Material world

Material world

A sugar tax is needed to kickstart companies into action – not consumers

Time for a tax? Bychykhin Olexandr / Shutterstock.com

Celebrity chef Jamie Oliver’s campaign to introduce a sugar tax on fizzy drinks and snacks has been gaining momentum. Oliver has a history of trying to persuade the British public to eat more healthily, with mixed results – his campaign for healthier school dinners led to some parents feeding their children chips through the school railings. And his current crusade has suffered the usual backlash of people decrying both that you have to be a celebrity to get yourself heard and that this is just another “nanny state” move.

We know from previous attempts to put punitive taxes on foods that there can be unintended consequences. In 2011, for example, Denmark introduced a fat tax: food containing more than 2.3% of saturated fat was subject to a surcharge, including dairy produce, meat and processed foods. It was abolished within a year.

The reasons for the withdrawal of the tax included the overall inflation in food prices, job losses that resulted from the impact of taxes on businesses producing and selling high fat foods, and people circumventing the tax by buying cheaper fatty foods across the border in Germany. Small specialist retailers such as butchers and delicatessens were particularly hard hit as their stock was primarily high-fat foods.

The easy option

Taxing people on what they eat will always be problematic. Food is not the same as tobacco or alcohol. While we can live without smoking or drinking alcohol, we cannot live without food. Plus we are predisposed toward eating the sugary and fatty foods that lead to obesity and its associated diseases. The problem with food is that it’s more an issue of the amount and type we eat.

One area where a sugar tax could easily be introduced, with positive effect, is on sugary drinks. They form part of multibillion dollar industry. In 2013, the US soft drink market was valued at about US$98 billion, up from US$92 billion in 2010. Meanwhile, studies have consistently shown that the health impact includes, increased energy intake and concomitant weight gain, diabetes, tooth decay and a lower intake of milk, calcium and other nutrients.

Companies have already shown that it’s possible to reduce the amount of sugar in their drinks. Mike Mozart, CC BY

Most sugary drinks are produced by large multinational firms that are unlikely to go out of business if a small country like Britain introduces a levy of this kind and the effects on business do not have to be entirely punitive in the long term. Perhaps it is time to see the positive side of this so-called nanny state imposition.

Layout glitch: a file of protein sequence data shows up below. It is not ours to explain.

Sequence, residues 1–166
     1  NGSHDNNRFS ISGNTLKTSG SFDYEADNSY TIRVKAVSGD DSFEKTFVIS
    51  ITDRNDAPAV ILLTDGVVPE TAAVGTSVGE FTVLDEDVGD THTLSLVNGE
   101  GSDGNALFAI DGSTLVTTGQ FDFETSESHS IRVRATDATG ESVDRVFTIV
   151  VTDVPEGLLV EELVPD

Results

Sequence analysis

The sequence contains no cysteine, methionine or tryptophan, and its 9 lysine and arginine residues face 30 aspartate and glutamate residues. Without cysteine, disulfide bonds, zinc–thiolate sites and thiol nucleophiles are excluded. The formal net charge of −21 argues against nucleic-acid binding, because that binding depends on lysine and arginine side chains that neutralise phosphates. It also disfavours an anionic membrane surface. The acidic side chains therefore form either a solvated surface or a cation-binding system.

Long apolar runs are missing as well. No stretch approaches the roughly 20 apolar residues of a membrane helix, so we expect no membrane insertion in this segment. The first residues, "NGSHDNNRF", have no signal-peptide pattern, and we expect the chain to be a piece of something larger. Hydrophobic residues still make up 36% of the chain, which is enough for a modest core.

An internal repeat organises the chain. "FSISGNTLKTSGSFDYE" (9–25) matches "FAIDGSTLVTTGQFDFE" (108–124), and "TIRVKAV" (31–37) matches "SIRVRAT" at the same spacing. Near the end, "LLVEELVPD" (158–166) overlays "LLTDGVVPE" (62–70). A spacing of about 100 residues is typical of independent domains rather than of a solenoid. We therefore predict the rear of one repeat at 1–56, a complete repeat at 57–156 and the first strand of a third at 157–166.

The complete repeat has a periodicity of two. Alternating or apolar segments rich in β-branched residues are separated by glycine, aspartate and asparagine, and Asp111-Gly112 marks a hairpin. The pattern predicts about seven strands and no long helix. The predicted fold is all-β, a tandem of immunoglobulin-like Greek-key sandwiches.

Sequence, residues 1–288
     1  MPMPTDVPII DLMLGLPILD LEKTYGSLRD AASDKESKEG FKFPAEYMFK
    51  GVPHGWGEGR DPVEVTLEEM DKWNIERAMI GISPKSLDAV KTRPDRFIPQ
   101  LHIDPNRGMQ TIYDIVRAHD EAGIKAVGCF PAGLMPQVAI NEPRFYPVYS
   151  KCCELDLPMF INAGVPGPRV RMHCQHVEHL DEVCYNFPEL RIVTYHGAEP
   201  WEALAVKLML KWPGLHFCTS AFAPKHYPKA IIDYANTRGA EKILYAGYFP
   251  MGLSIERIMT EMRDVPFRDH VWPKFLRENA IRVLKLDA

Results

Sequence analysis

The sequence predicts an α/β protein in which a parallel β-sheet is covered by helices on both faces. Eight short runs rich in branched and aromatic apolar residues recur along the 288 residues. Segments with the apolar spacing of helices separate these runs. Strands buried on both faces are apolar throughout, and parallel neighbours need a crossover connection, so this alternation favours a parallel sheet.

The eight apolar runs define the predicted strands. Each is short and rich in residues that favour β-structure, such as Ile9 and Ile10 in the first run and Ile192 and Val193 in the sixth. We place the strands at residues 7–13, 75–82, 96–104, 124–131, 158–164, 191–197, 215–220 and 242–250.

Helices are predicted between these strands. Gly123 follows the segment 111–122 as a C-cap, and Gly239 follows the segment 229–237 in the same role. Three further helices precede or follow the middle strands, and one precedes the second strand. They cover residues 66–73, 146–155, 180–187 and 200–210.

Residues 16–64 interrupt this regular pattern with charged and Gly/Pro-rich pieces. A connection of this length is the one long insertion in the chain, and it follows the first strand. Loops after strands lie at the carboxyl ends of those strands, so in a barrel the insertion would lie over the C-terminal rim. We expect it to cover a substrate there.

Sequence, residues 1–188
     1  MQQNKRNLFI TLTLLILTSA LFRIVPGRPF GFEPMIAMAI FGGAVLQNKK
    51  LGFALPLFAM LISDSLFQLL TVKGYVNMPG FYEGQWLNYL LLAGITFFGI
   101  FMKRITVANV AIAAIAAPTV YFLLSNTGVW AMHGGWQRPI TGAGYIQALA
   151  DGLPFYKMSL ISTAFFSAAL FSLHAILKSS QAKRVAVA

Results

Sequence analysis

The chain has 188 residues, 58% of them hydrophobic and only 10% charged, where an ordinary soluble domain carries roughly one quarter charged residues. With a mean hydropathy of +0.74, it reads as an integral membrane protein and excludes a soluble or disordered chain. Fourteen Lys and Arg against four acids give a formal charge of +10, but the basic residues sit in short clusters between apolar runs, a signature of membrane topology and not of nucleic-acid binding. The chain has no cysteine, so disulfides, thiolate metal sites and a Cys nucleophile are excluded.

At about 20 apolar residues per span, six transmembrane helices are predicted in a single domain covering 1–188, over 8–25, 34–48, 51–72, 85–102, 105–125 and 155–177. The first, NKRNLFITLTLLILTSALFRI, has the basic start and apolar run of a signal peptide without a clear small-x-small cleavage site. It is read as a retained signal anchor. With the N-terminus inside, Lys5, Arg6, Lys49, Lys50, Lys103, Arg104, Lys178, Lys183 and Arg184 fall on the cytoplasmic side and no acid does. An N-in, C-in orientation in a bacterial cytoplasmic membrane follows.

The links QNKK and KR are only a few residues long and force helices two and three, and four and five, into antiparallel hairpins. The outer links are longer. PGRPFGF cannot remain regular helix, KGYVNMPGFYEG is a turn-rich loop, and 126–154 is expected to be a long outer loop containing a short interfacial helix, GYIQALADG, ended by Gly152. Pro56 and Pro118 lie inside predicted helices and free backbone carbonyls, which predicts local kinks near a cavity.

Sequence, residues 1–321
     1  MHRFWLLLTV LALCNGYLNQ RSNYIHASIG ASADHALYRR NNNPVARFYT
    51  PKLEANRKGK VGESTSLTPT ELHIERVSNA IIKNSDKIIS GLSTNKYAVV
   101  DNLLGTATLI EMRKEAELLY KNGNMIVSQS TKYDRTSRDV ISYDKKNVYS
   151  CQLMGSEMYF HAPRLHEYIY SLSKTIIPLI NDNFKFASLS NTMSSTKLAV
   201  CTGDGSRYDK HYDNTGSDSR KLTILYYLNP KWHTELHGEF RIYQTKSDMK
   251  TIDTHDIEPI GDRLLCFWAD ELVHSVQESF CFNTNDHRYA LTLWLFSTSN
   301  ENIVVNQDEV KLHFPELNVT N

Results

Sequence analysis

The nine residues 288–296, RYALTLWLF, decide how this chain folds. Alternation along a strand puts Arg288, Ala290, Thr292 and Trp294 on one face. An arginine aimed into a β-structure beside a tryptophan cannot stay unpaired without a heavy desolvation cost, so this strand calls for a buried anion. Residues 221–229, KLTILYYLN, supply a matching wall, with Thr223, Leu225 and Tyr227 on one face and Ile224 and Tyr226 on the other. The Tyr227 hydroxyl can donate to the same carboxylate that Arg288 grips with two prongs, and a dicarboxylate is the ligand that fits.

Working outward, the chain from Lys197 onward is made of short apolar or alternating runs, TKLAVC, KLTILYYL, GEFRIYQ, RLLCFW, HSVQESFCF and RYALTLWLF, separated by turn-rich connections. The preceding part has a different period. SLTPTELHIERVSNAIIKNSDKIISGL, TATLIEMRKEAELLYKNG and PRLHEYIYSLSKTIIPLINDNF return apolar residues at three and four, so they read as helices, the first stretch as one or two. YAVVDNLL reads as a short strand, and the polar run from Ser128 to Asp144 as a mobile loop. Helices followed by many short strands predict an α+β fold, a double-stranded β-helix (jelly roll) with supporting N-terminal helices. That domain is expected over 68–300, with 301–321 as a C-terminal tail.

Governments are typically fond of promoting self-regulation and engaging with business for a better outcome. The current government has the Responsibility Deal which includes a number of pledges from companies to improve the health of the British public, including reducing calorie and salt content. Nevertheless it has received a lot of bad press for its limited role, and the power of the companies involved. This in turn has led to many public health organisations leaving the deal and criticisms as to what it has achieved.

Give it a go

It currently appears that the government will ignore Oliver despite his celebrity status. Indeed, a previous opportunity for introducing a tax on consumption of problematic substances was turned down by the government when it backtracked on setting minimum prices for alcohol. At that time I suggested that given evidence from Canada on the success of minimum alcohol pricing it was worth just giving it a try. Nanny state or not, I think the same should be said of Jamie’s sugar tax. It is worth giving it a go, given the evident problems this country has with obesity and its associated health issues.

In the first instance I would limit it to fizzy drinks to see, not what the consumers do, but how producers respond. We have already seen that drinks manufacturers are perfectly capable of developing fizzy drinks that have lower calories. In most soft drinks the calorie intake is from sugar whether naturally occurring from fruit or added for taste and in colas the calorie content is entirely made up from the added sugar. With the recent introduction of its Coca-Cola Life product, Coke shows that it is possible to have a range of options:

  • Coca-Cola = 42 calories per 100ml.
  • Coca-Cola Life = 27 calories per 100ml.
  • Coca-Cola Zero = Less than one calorie per 100ml.
  • Diet Coke = Less than one calorie per 100ml.

If there was a sugar tax, this might encourage Coca Cola and other companies producing sugary drinks to limit their product range to just those products with lower sugar content and indeed spend money on formulating new low sugar drinks. That is what a sugar tax could do – actually kick start companies into researching, producing and marketing drinks with less sugar.

While it will always be healthier to be drinking water, the sugar tax might just put the responsibility back in the court of the producer rather than the consumer.

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